Date registered: Dec 2008
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hi mate, I got your pm but better to discuss here to help you and others.
The ACS has 2 engagement stages, when the brake is pressed, and a gear selected, the clutch is disengaged. When you select a gear with either hand or foot brake on, the clutch stays disengaged, when the brake is released, the clutch is moved to the biting point, then on throttle application the clutch engages fully depending on how much throttle is applied. Strong throttle pedal action will cause instant full engagement and resulting wheel-spin.
(2 black and white sensor switches on top of the 'box under the corrugated shift cable connections detect the gear position - visible from the engine bay, r/h/s behind the screenwash bottle)
If the brakes are held down in gear, and throttle applied, the system will engage the clutch anyway which would usually result in wear in the same way as riding the clutch on a manual. The clutch will bite when the throttle is applied, no matter what the brake position is.
The CSC or concentric slave cylinder which is a combined hydraulic actuator and thrust bearing in one, may be stiff inside and that may cause harsh engagement when the ACS stops pushing. The clutch is basically always engaged, and the ACS pump applies hydraulic pressure to expand the CSC which pushes on the clutch cover fingers, releasing the clutch's grip on the flywheel. When the clutch needs to engage or grip, the ACS simply stops pumping - the CSC contracts back to its original size - which drops the friction plate back into the flywheel by not pushing on the clutch cover fingers....so one guess is a stiff CSC, or a blockage in the hydraulic pump part of the ACS unit not letting the fluid "relax" or return to the pump chamber - like a kinked flexi hose between the metal line from the ACS pump and the CSC coupling, this flexi is not fully visible and can only be felt with the fingers on top of the gearbox while lying under the passenger side looking up just behind the passenger wheel area of the floor. (only suggestions or possibilities of where to look before anyone pipes up) - other reasons may be corrosion on the gearbox input shaft which can cause the clutch to snatch as it returns, or even a fault with the dual-mass flywheel which can cause rough engagement.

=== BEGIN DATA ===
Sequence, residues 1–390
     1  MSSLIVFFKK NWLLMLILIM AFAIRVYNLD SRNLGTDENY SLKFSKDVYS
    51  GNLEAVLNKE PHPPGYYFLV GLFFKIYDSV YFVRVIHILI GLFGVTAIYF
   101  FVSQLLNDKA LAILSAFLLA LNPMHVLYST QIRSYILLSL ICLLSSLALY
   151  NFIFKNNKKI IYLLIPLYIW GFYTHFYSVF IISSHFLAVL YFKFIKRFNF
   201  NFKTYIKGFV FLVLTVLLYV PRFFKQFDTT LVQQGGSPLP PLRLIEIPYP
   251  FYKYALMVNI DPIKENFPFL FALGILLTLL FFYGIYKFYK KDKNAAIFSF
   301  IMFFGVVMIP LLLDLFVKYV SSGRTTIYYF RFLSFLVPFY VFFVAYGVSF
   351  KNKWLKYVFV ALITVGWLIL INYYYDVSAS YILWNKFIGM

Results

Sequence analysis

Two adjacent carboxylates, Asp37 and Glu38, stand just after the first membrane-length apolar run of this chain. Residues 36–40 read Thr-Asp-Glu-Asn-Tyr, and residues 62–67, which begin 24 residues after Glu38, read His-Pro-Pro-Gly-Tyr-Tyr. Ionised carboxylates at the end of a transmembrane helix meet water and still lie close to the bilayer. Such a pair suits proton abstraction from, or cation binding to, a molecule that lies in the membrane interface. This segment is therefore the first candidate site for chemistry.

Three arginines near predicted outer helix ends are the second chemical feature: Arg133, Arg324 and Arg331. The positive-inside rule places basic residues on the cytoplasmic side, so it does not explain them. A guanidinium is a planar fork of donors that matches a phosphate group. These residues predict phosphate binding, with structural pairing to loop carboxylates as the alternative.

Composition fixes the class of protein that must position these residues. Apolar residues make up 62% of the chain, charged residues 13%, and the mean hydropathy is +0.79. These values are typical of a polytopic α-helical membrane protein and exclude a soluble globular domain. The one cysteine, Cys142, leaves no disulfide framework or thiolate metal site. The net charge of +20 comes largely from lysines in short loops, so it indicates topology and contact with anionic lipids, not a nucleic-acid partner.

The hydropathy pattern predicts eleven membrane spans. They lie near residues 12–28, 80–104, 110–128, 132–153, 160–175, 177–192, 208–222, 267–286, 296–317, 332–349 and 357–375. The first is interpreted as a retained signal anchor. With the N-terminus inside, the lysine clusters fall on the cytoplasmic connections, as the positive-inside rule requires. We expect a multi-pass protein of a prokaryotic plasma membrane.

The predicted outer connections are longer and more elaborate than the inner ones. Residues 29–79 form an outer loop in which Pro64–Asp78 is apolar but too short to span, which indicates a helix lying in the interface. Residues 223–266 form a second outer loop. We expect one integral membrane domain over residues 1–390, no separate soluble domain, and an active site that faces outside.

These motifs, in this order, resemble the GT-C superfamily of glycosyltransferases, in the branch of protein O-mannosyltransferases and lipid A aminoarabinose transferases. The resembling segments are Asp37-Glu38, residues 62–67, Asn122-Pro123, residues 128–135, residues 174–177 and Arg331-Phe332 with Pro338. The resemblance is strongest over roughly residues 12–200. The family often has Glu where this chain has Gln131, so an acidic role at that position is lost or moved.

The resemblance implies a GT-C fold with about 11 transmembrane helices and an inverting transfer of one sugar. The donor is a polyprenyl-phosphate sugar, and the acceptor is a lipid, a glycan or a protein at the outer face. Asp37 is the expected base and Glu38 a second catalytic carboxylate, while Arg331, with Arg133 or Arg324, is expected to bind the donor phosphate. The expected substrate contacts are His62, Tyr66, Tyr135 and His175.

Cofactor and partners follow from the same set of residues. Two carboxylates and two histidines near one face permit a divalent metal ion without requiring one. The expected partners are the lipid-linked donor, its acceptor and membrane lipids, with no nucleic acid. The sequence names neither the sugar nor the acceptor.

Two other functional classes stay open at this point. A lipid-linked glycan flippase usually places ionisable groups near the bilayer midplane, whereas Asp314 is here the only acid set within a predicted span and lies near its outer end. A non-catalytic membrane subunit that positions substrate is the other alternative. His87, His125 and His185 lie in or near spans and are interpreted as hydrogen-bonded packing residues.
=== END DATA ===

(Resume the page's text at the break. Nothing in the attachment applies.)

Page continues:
Unfortunately except for a kinked or damaged flexi pipe, all the other suggestions mean the engine would have to come out to look at them. Not a job for the faint hearted.
I hope this helps, sorry its not a simple thing to diagnose, but will likely be some of the above suggestions, however to get to the bottom of it will be expensive in labour terms simply due to the awkward design of the A-class which needs the engine out for most jobs.
So to recap I would want to check the ACS flexi hose, the CSC slave cylinder/release unit for sticking, the gearbox input shaft and clutch plate hub for rust, and the dual-mass flywheel face/hub for wear or damage to the cushioning part.
The throttle is "fly by wire" so the ecu always knows the pedal position, if the engine revs smoothly even on a light pedal then I would not suspect the throttle potentiometer, but even with no throttle input, while moving, and the next gear selected, the clutch engages fully anyway, hence there is always full engine braking available. The clutch only releases when the brake is applied and the car is under 5mph, or stopped in gear, or the selector is moved from a gear to the neutral position and into another gear, otherwise the clutch is engaged constantly.
Last edited by evilscotsman; 06-13-2011 at 11:40 AM.